What do we mean by information gathering and synthesis?
___Information gathering refers to gathering information about the issue you’re facing and the ways other organizations and communities have addressed it
___You can gather information using both existing sources and natural examples
___Synthesis here refers to analyzing what you’ve learned from your information gathering, and constructing a coherent program or approach by taking ideas from a number of sources and putting them together to create something that meets the needs of the community and population you’re working with
___Synthesis involves extracting the functional elements of both the analysis of the issue and approaches to it
___Functional elements are those that are indispensable either to understanding the issue, or to implementing a particular program
Why gather and synthesize information?
___It will help you avoid reinventing the wheel
___It will help you to gain a deep understanding of the issue so that you can address it properly
___You need all the tools possible to create the best program you can
___It’s likely that most solutions aren’t one size fits all
___It can help ensure your program is culturally sensitive
___Knowing what’s been done in a variety of other circumstances and understanding the issue from a number of different viewpoints may give you new insights and new ideas for your program
When should you gather and synthesize information?
___Information gathering and synthesis should continue throughout the life of the program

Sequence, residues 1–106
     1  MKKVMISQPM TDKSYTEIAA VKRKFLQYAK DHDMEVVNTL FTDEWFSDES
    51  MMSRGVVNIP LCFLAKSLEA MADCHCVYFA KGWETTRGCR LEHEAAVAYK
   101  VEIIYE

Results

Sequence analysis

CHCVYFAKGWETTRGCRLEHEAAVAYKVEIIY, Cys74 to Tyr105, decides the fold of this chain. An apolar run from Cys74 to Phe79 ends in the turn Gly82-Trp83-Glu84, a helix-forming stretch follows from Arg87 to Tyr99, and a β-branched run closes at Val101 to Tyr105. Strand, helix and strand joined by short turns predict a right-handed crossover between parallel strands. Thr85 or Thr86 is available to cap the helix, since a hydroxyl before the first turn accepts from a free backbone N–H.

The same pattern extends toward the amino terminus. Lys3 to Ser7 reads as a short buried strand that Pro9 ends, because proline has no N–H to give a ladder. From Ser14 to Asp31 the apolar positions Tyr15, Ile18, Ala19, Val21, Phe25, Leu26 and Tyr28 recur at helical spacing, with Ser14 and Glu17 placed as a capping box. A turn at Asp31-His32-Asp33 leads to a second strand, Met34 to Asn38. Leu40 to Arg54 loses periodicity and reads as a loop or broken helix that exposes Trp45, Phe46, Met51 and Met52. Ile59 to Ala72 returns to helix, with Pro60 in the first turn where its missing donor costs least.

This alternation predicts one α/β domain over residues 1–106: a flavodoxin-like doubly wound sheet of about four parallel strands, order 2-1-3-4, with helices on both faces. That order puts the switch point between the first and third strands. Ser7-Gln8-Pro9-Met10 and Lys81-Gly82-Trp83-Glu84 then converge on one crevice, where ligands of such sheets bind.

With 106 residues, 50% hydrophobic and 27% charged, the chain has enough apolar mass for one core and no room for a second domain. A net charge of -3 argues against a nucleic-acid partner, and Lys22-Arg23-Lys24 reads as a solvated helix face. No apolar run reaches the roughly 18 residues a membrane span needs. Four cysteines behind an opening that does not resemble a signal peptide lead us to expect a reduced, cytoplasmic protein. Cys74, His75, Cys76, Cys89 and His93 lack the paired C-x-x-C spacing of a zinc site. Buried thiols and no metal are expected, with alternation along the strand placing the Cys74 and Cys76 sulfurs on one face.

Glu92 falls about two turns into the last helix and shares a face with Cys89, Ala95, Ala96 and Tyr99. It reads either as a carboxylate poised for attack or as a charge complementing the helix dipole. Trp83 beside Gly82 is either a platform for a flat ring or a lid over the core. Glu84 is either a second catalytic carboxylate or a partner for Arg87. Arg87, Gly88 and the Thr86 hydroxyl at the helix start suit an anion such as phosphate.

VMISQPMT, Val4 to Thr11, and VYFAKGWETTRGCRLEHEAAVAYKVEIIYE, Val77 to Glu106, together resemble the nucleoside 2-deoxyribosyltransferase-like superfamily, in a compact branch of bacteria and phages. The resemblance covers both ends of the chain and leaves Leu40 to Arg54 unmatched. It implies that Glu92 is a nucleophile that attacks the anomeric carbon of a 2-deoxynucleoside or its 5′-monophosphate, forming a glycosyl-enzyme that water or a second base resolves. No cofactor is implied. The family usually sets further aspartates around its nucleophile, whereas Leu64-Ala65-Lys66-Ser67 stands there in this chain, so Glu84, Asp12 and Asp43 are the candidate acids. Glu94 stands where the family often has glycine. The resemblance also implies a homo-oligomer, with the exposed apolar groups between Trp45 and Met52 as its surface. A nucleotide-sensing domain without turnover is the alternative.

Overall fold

Who should gather and synthesize information?
___Information gathering and synthesis is often most effectively conducted by a multi-sectoral participatory group including all stakeholders in the issue
How do you gather and synthesize information?
___Decide what you need to know about the issue itself, successful and unsuccessful attempts to address it in various circumstances, and the local context
___Determine your likely sources for the various types of information you’re seeking
- Existing sources include scholarly, mass-market, and statistical/demographic published information
- Natural sources include some published information about programs, but can best be obtained by direct contact with those involved in planning, implementing, or participating in programs relevant to your issue
- It’s important to pay attention to both successful and unsuccessful attempts to address the issue, and to step outside your own field in search of solutions that work
___Devise a plan for gathering information
- Decide who will gather what information
- Decide how information will be gathered
- Decide what adjustments will be made for gaps in experience or skills
- Set a timeline for the initial information gathering
___Begin synthesis by taking it all apart – extract the functional elements of what you’ve learned
___Complete synthesis by putting the relevant pieces back together as a coherent program that speaks to your community’s needs
___Keep at it by continuing to gather and synthesize information throughout the life of the program